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Thesis Abstract – Chan (1995)


A Comparison of the Bird Species Diversity, Avian Community Structure and Species Distributions in Fragments of Coastal Sage Scrub

Author and college:

Yvonne Chan, Pomona College


April 21, 1995


Bachelor of Arts in Biology


William Wirtz, Pomona College


Urbanization has caused widespread fragmentation of native habitats in California. Relatively little is known about the effects of habitat fragmentation on avian community composition in an important native habitat, coastal sage scrub. This study examined two fragments, one small and one medium, within a suburban matrix and compared these to a large, relatively undisturbed site at the edge of the suburban area. This study had three goals: 1) To determine how size and habitat heterogeneity of coastal sage scrub fragments affected bird species diversity; 2) To determine how the distribution of trophic guilds and avian biomass changed with fragmentation; 3) To determine if species with low vagility were adversely affected by fragmentation. The point count census method was used to measure the avian community composition. I also collected structural vegetation data on habitat heterogeneity and foliage height diversity. I found bird species diversity increased with greater habitat heterogeneity but not with increasing area. I found that the percentage of insectivores comprising the bird community at each fragment did not relate with area. I did find changes in the distribution of biomass which related with area. A greater proportion of larger birds were found at the largest site and a greater proportion of smaller birds were found at the smallest site. I found that two species with low vagility that were dependent on resources within the fragments, the Wrentit and California Thrasher, were adversely affected by fragmentation. This study indicates that when choosing areas for avifaunal reserves in coastal sage scrub, habitat heterogeneity should be considered in addition to area in order to preserve species particularly vulnerable to habitat fragmentation.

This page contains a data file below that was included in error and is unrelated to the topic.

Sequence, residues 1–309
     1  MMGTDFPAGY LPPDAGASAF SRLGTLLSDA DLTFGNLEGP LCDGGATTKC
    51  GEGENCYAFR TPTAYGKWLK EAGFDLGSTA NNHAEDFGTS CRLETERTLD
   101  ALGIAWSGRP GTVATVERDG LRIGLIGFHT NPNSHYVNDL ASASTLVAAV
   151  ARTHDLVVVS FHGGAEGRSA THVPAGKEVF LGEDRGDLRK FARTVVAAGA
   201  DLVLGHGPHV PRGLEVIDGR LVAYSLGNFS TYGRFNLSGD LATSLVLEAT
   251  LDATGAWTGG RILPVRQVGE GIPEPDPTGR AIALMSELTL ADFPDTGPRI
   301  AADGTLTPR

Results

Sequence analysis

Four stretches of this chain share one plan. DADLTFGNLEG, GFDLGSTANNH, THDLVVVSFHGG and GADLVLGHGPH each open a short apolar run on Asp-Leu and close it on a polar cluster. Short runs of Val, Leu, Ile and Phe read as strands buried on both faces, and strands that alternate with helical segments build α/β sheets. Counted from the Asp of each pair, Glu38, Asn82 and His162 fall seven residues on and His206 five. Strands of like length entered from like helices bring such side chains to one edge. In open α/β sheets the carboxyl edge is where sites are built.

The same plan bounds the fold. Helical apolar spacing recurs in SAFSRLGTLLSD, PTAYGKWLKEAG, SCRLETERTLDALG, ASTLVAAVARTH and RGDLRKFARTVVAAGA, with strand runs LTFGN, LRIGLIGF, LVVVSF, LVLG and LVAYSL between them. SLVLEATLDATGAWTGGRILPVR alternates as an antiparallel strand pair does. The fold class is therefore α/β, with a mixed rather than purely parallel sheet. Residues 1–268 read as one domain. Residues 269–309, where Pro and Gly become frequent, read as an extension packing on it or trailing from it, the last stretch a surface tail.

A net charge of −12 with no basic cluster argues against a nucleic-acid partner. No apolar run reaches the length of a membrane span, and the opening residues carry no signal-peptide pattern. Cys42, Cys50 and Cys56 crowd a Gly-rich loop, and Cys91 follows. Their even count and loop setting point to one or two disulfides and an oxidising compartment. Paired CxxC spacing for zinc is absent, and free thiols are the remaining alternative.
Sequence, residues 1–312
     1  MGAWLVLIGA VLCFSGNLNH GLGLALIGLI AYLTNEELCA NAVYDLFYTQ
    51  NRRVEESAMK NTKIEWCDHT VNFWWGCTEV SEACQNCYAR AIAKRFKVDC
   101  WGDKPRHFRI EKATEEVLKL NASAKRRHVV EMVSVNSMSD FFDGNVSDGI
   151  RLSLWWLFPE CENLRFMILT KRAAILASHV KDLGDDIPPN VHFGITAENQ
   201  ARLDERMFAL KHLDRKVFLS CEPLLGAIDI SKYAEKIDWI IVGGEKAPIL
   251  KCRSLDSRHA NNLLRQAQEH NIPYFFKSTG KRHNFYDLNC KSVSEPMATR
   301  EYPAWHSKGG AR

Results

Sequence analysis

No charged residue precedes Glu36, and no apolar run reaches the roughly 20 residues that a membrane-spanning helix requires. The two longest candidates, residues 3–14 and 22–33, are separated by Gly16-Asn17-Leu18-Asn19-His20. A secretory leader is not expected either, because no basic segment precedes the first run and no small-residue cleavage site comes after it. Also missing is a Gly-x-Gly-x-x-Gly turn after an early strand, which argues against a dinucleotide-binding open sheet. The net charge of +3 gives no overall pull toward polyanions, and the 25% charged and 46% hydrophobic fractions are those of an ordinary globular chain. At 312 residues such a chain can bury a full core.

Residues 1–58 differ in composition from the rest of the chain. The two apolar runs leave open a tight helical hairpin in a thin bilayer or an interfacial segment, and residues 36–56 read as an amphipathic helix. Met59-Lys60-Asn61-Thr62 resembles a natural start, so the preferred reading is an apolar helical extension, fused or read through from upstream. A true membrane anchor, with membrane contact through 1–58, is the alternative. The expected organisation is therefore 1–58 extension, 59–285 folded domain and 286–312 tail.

For more information:

Contact Gail Sundberg – gail.sundberg@pomona.edu

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